The Gluten Free Fromagerie: How to Make Homemade Paneer

paneerdish7.jpgI’ve always appreciated mottos like Cook (almost) Anything at Least Once, with the idea that the home chef really can (and should) attempt to create anything and everything edible under the sun. Of course, there are plenty of things that I don’t, and won’t cook, for various reasons- but still, I love the idea of trying six impossible things before (or after) breakfast. For some reason, cheese making had always seemed like an impossible thing to me. Millions of cheesemakers, both professional and of the home variety, would probably laugh at me- but the idea of me, a mere mortal, turning milk into something as cool as cheese just seemed impossible. But as I was thumbing through my copy of Bombay Cafe Cookbookand considering the bunches of spinach in my refrigerator, when I came across a recipe for Kashimiri Palak Paneer (Fresh Spinach with Homemade Indian Cheese) and saw that the recipe referred to a homemade paneer recipe, I thought “Why Not?” I usually just buy paneer at my local Indian market, but homemade paneer sounded delicious- and it somehow seemed more accessible than other cheeses. Of course a spinach paneer dish alone does not a meal make, so I also decided to make an Okra Mango dish and some basmati rice. However, for me, the meal was really about the paneer. But what is paneer, anyway?

According to Wikipedia, paneer is “the most common Indian form of cheese. It is an unaged, acid-set, non-melting farmer cheese that is similar to acid-set fresh mozzarella and queso blanco, except that it does not have salt added, much like hoop cheese. Another significant difference between mozzarella and paneer is the fact that mozzarella melts like any other cheese whereas paneer does not melt while cooking. Most paneer is simply pressed into a cube and then sliced or chopped, although Bengali paneer is beaten or kneaded like mozzarella. Paneer is one of the few types of cheese indigenous to the Indian subcontinent, and is widely used in Indian cuisine and even some Middle Eastern and South Asian cuisine. Unlike most cheeses in the world, the making of paneer does not involve rennet; it is therefore completely vegetarian.”

Sounds pretty good, yes? So let me show you how I made my very first homemade paneer.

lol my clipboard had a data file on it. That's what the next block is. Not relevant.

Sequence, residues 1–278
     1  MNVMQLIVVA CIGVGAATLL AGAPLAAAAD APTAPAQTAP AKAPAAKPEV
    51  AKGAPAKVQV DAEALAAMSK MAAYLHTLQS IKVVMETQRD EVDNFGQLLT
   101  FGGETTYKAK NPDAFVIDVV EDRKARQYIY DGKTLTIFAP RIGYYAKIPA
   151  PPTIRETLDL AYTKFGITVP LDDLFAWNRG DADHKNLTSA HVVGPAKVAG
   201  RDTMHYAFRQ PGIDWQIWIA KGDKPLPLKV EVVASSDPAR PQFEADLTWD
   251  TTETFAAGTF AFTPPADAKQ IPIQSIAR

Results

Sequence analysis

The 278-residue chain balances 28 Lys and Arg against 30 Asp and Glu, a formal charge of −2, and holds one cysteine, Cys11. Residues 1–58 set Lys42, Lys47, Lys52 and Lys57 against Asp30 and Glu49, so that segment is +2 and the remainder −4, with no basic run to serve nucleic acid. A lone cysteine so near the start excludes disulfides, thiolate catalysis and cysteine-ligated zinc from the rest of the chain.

A Step by Step Homemade Paneer Recipe
step1.jpg step4.jpg I poured 8 cups of lowfat milk (1/2 of a gallon) into a pan that had been previously rinsed out with water. According to Neela Paniz, this prevents a milk skin from forming on the pan that can burn. I then brought the mixture to a boil, which was something like waiting for a kettle to boil, except worse. Once it finally came to a boil, I took it off the burner and slowly poured in 1 quart of buttermilk, whisking as I poured. At this point something really scary happened- the liquid separated into watery, yellow curd, and little white whey bits floating in the curd. At this point I was seriously concerned I would have a very un-cheesy flop on my hands.

step2.jpg Then, I prepared a colander by covering it with a thin muslin towel (not cheesecloth) and letting the ends of the towel hang over the edge. I slowly poured the liquid mixture into the towel bit by bit and squeezed the curds together in a towel repeatedly. I drained some of the whey into a bowl because it was threatening to overflow and then finished pouring the whey liquid into the towel.

step3.jpg Next I tied the edges of the towel together and squeezed the last of the liquid out of the lump of solids in the towel. Finally I left the wrapped up cheese somewhere where it could drain (on the top of an inverted strainer) and put a cutting board on top of the cheese with a pan on top for added weight. Thirty minutes later, the cheese was done.

step5.jpgstep6.jpg Somehow, magically and inexplicably, those little globs of white curds had knitted together to form solid, lovely cheese. I admired it in its whole form- imprinted, like good quality tofu, with the grain of the muslin cloth it was wrapped in, and then sliced it into lovely, cheesy wafers for my spinach dish.

While making paneer was time consuming and required a fair amount of preparation (buying buttermilk, and setting up an assortment of pots, pans, and bowls), it gave me a huge sense of accomplishment. Somehow I had taken the most basic of ingredients, milk and buttermilk, and turned them into a genuine food product. I now had a hardy, smooth block of cheese which begged to be grilled or simmered- a sturdy staple that could take any preparation method I could throw at it. While I may not make fresh paneer every time I get the urge to make a recipe, but will probably just buy it from the Indian grocery, I definitely have a renewed appreciation and understanding of it as an ingredient. The next time you have a surplus of milk in your fridge, why not try making your own homemade paneer? I promise that it will be the sweetest, and freshest paneer you’ve ever tasted in your own home.